Pa. Rep. Jesse White appears to have survived what many thought would be his political swan song this year.
The embattled Democrat from the 46th District pulled ahead for his party's nomination Tuesday night over popular challenger Tom Casciola, 59, a longtime Cecil supervisor.
Mr. White, 35, also of Cecil, ran away with a solid lead late Tuesday, proving wrong his critics who didn't think voters would forgive his lapse in judgment last year.
"It's a relief," he said late Tuesday. "I decided early on not to go negative and maintain a positive campaign. I had detractors who were trying to bait me. The challenge for me was to keep the fire in my belly while learning to control the flame. Being able to do that is the thing that I can really feel proud about tonight."
Mr. White has drawn criticism for his seemingly thin-skinned nature and caught flak last year when he admitted impersonating Marcellus Shale drilling proponents who also were constituents and other lawmakers on social media sites like Facebook and Twitter.
Unfair or not, incidents like those, along with his tough stance on drilling companies like Range Resources, have painted Mr. White as the anti-drilling candidate. He said he favors "responsible drilling," but Mr. White supports many proposals that drilling companies do not, such as a severance tax on natural gas along with the already-instituted impact fee.
A Cecil supervisor for 22 years and a home-builder, Mr. Casciola said he felt Mr. White would be swept from office for his personality conflicts and for his position on Marcellus Shale drilling. Mr. Casciola did not favor a severance tax on drillers, but said he could support a higher impact fee.
Mr. White had survived previous challengers but this year was considered to be his toughest yet. In the beginning, the race drew three Democrats and two Republicans, but those numbers whittled to two Democrats and one Republican in recent weeks.
Mr. White was swept into office along with dozens of other fresh faces in 2006 as a result of the furor over the short-lived, middle-of-the-night legislative pay raises. He is seeking his fifth term in the district, which was redrawn last year to include Washington County municipalities Canton, Cecil, Mount Pleasant, Smith, Burgettstown, Robinson, Midway, and McDonald. In Allegheny County, the district now encompasses Oakdale, South Fayette, Collier, and Bridgeville.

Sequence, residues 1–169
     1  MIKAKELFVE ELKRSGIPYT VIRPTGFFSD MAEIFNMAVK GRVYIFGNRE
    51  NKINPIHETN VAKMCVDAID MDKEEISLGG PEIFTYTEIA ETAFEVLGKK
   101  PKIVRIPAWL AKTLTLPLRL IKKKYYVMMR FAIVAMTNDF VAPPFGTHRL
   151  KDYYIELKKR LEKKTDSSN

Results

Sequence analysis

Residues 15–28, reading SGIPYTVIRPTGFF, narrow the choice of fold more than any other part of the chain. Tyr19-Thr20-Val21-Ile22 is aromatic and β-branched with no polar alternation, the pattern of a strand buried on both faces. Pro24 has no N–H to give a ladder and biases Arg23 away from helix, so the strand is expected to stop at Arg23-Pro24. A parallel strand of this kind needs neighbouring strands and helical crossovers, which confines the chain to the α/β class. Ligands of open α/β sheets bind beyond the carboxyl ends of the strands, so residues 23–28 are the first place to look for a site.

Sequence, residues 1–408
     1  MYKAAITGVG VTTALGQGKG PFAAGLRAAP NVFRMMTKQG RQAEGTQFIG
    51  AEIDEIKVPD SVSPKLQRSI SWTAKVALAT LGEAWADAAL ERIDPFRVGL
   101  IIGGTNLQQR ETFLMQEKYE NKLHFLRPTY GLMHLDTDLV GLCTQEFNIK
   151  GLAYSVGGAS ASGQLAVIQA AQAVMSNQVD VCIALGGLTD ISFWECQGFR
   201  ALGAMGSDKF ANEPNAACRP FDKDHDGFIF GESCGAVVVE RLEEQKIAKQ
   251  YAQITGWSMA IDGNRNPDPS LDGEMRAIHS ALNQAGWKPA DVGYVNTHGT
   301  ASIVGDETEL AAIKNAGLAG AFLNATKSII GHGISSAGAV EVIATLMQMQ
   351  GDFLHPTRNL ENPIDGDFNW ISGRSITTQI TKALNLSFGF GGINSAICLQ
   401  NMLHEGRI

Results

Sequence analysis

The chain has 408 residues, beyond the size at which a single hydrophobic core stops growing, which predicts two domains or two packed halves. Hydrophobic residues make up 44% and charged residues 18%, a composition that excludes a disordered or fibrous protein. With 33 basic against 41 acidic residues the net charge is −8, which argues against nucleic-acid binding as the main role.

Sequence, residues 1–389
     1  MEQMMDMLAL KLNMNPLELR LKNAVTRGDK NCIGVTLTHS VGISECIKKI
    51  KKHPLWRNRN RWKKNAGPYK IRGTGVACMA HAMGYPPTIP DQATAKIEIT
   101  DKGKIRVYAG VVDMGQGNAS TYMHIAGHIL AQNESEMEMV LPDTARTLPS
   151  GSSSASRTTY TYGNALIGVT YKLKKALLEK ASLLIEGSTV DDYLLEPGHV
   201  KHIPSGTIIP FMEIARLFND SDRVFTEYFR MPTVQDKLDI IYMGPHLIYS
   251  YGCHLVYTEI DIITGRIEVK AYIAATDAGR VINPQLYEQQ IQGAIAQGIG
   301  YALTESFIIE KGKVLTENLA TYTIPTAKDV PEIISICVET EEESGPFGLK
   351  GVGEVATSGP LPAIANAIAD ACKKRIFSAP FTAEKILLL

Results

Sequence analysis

Eliminated is a sliver of Beaver County that he once represented, along with Chartiers, Cross Creek, Avella and other western Washington County communities.
Members of the group Concerned Citizens in the 46th District regularly lampoons Mr. White on its Facebook page, and on Tuesday night said it was disappointed that he wasn't removed from office.
"We lost the battle but not the war," said group organizer Darlene Barni of Cecil. "We won't quit till it's over. We have high hopes for the general election because now it means we are going to get out there and work a little harder."
Ms. Barni said many Democrats who supported Mr. Casciola said they will get behind Republican challenger Jason Ortitay in the Nov. 4 general election. Mr. Ortitay, 30, is a small business owner from South Fayette and a political newcomer. He faced no challenge Tuesday.
"There are a lot of disappointed people who were banking on Tom Casciola getting in," she said. "If we have to go person to person, we will. [Mr. White] doesn't deserve any more of our taxpayer money."
Mr. White said he is looking forward to the birth of his first child with his wife, Eileen, expected in early June, and the fall campaign against Mr. Ortitay.
"Having this race in the spring meant I had to go out knocking on 2,000 doors," he said. "It's kind of like training camp. I wouldn't have had that if I was unopposed. I think it gives me a leg up."
Janice Crompton: firstname.lastname@example.org or 412-263-1159.